Will OpenWrt stay open source?

Hi there

I use openwrt to build my custom firmware

And use it with my wisp company with my trademark my Q can I stay use and work with it , or in some time it will be closed software

Other Q if I build my custom image with it is it legal to use my trademark with this custom firmware


My two cents:

  • Your company need to consult a layer, right now.
  • OpenWrt is made from lots of different pieces, and not all of then are released under the same license and version. It's difficult to give a broad answer; however, in layman's terms, the quick answer is:
    • No, OpenWrt cannot go closed source.
    • You can brand your custom images, but your code must be open source, too.

TLDR: Open-source cannot get closed. However, an OpenWRT based firmware is bringing in together a lot of different licenses and you need to follow each of them when it comes to modifying/distributing commercially.

Quick Reference (may not feel quick but is very readable): opensource.org FAQ

What is important to understand is that each package you build into your firmware using OpenWRT (including OpenWRT itself) has a specific license which you are required to follow. As you publish your firmware, you need to be able to list all packages that are used, what license they are published under and adhere to all the requirement in that license.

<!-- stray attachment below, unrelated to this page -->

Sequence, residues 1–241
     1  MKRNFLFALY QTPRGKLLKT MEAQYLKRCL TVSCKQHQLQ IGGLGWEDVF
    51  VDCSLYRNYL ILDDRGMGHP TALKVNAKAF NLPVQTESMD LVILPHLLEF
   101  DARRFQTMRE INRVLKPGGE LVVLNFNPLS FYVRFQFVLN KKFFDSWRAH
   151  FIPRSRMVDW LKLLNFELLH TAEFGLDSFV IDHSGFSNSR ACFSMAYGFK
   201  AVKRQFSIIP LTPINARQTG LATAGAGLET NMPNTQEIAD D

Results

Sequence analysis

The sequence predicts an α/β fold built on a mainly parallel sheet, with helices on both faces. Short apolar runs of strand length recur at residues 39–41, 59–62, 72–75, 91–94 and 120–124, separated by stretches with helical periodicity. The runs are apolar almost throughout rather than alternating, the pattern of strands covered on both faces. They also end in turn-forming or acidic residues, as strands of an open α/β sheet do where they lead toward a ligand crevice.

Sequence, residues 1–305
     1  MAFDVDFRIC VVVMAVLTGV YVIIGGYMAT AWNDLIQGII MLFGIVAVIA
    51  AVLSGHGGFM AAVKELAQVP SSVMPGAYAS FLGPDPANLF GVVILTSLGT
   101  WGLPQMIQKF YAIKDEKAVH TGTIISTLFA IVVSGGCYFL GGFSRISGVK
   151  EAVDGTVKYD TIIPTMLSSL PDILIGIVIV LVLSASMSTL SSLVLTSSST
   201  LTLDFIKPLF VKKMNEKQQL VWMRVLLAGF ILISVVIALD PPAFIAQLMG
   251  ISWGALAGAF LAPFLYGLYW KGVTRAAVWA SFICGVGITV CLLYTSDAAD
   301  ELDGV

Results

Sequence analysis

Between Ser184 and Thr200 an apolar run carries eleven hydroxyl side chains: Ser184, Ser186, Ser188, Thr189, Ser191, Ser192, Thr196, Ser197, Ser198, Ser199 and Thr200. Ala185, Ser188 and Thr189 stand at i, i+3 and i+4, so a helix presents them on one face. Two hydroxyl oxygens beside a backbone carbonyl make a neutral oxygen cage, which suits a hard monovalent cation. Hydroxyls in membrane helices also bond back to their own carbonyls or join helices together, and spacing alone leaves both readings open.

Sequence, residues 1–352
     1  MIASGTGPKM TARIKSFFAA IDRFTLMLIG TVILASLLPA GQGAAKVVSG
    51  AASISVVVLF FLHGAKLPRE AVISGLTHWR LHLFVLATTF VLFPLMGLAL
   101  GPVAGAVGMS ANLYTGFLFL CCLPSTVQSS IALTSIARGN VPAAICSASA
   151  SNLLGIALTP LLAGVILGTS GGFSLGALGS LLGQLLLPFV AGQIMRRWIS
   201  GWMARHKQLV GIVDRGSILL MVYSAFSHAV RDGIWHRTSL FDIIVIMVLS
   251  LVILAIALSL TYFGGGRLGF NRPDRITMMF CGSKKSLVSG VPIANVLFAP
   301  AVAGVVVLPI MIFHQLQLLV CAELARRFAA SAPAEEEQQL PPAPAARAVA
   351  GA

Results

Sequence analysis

Typical requirements include:

  • crediting the creators (usually the minimum)
  • publishing any changes your made either in source, binary or both under a specific license as required by the original package license
  • if the package you need is not open-source, you may consider buying commercial rights to distribute/modify it

Another important aspect is that you are typically not required to publish modifications you make to the tools used to build your firmware as long as you don't distribute them. OpenWRT may seem confusing to you as it is both the tool (to build your firmware) and a set of packages (which are present in the firmware you distribute). Make sure you understand what this means for your distribution.

This work is complex and most likely tedious but it is critical for you to do it. From experience, it is very hard and costly to postpone this analysis (technically and legally).

One last element, there are tools that can help you identify code source and licenses automatically. These tools are typically used when auditing a code-base or a binary release. There are also lawyers, developers, etc. who specialize in open source software/licenses and would be able to help you.

Thank you now I get good idea about it

Thank you for your explain it's very helpful for me
Thank you